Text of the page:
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### A Second Generalization   On this page we present binomial summation formulae for the generalised Fibonacci sequence G(n) and the sum ∑ G(n) of its first n elements. You are now familiar with the binomial presentation ( see formula (1) in the first generalization )

written down in full which is the Fibonacci sequence moved one position to the left , since the summation starts with n = 1.
(n-1)/2 is defining the largest integer.

The sequence is defined by a seed (1,1) and a recurrence formula F(n+2) = F(n+1) + F(n). The sequence can be expanded to negativ values of n as shown below: We ask now how will the binomial presentation looks like if we start the Fibonacci sequence with any two consecutive Fibonacci numbers , say seed (5,-3).

To answer this question we look for a binomial presentation of a sequence which starts with a seed of any two numbers S ( G(1) , G(2) ) and which follows a recurrence formula G(n+2) = G(n+1) + G(n). This is called a generalised Fibonacci sequence .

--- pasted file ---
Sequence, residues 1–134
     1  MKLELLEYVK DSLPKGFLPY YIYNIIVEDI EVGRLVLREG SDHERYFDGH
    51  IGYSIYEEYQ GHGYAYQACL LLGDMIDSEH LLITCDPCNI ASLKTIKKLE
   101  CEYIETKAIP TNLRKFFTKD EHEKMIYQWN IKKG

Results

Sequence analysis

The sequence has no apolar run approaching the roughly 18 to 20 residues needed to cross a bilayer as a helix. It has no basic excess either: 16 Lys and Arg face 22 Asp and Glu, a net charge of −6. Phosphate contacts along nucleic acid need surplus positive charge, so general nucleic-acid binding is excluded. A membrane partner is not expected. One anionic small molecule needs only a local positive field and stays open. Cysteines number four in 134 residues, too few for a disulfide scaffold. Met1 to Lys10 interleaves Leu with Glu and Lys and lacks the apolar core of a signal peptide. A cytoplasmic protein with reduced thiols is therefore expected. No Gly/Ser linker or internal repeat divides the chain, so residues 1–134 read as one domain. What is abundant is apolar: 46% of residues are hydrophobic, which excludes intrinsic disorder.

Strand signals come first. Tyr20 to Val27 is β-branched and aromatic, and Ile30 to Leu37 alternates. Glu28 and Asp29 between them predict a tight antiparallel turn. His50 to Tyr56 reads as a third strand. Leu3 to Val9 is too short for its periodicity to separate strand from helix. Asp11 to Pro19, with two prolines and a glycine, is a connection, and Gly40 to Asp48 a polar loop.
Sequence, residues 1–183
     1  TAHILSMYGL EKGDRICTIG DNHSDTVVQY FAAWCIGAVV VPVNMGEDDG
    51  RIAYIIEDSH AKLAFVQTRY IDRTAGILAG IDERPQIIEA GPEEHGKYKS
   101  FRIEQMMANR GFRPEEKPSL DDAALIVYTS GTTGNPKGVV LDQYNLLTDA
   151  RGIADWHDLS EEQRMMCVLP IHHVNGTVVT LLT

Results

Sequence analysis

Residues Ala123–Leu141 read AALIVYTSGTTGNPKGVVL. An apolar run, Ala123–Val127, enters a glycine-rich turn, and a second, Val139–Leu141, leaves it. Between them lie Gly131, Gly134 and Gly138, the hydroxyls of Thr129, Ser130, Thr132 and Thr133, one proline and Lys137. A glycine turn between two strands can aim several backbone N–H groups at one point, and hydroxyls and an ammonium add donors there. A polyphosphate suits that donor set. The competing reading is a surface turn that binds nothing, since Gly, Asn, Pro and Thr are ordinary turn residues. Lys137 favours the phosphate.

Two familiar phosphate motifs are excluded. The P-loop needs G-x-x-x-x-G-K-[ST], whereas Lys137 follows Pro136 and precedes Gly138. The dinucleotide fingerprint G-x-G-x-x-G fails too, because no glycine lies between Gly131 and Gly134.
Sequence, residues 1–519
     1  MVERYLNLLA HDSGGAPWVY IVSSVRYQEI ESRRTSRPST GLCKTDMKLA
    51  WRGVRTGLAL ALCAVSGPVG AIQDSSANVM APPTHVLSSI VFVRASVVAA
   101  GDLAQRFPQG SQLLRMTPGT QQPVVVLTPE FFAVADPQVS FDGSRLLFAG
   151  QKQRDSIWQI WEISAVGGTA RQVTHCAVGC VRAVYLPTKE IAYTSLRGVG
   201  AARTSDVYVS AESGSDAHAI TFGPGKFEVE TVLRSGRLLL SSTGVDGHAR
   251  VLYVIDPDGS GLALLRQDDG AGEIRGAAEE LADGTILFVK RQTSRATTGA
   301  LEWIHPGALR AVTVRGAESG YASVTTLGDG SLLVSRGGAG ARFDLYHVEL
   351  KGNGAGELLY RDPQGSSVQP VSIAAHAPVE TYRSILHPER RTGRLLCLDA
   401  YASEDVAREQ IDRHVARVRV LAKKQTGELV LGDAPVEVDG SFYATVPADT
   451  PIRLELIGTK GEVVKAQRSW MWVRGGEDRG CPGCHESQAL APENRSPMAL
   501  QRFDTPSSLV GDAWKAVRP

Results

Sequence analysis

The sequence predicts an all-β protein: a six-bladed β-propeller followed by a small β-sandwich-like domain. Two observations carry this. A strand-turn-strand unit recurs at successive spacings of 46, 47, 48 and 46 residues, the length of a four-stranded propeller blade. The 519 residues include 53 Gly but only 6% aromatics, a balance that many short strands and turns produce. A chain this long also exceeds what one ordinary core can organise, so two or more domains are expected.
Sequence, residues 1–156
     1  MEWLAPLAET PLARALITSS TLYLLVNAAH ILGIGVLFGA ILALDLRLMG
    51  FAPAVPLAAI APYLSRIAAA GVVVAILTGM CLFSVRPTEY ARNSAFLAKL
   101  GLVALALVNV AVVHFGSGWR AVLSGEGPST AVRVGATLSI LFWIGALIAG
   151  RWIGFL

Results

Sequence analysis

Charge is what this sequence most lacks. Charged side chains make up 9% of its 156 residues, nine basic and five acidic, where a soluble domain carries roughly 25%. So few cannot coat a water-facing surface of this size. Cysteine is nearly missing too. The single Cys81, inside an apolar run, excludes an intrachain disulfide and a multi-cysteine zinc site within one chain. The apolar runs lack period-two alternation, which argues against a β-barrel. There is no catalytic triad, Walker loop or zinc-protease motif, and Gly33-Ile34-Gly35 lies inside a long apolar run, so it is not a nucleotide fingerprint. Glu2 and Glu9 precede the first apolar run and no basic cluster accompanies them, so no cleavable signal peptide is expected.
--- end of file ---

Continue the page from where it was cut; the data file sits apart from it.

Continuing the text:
Its binomial summation formula is We proof this summation formula by showing that it fullfills the recurrence formula Now using the seed S ( F(k) , F(k+1) ) we have As an example we use as mentioned above the seed S (5,-3) , k = -5 and obtain and so forth.

Another well known sequence is the Lucas - sequence : defined by the seed S ( 2 , 1 ) and the recurrence formula L( n+2 ) = L(n+1 ) + L(n). Since we start our binomial presentation with n = 1 we use the seed S (1 , 3 ). By applying our general formula for G(n) we obtain Finally we present below the binomial presentation of the sum of the first n numbers of the sequence G(n): We proof this formula by writing down in full G (n) and summing up both sides over n : We make use of the relation and obtain and finally We rewrite the equation from above a well known formula for the sum of the first n elements of G (n)

Rewriting we obtain With S (1 , 1 ) and S ( 1 , 3 ) we obtain the sums for the Fibonacci - and Lucas sequences: As an example we show below the sum ∑ G (n) with a seed ( - 2 , 3 ) up to n = 6 :  We finish this page now and will continue in our 3 rd generalization with the presentation of binomial formulae for G (2n ) , G (2n-1) , ∑ G ( 2n ) and ∑ G ( 2n-1 ). You are kindly invited to this page.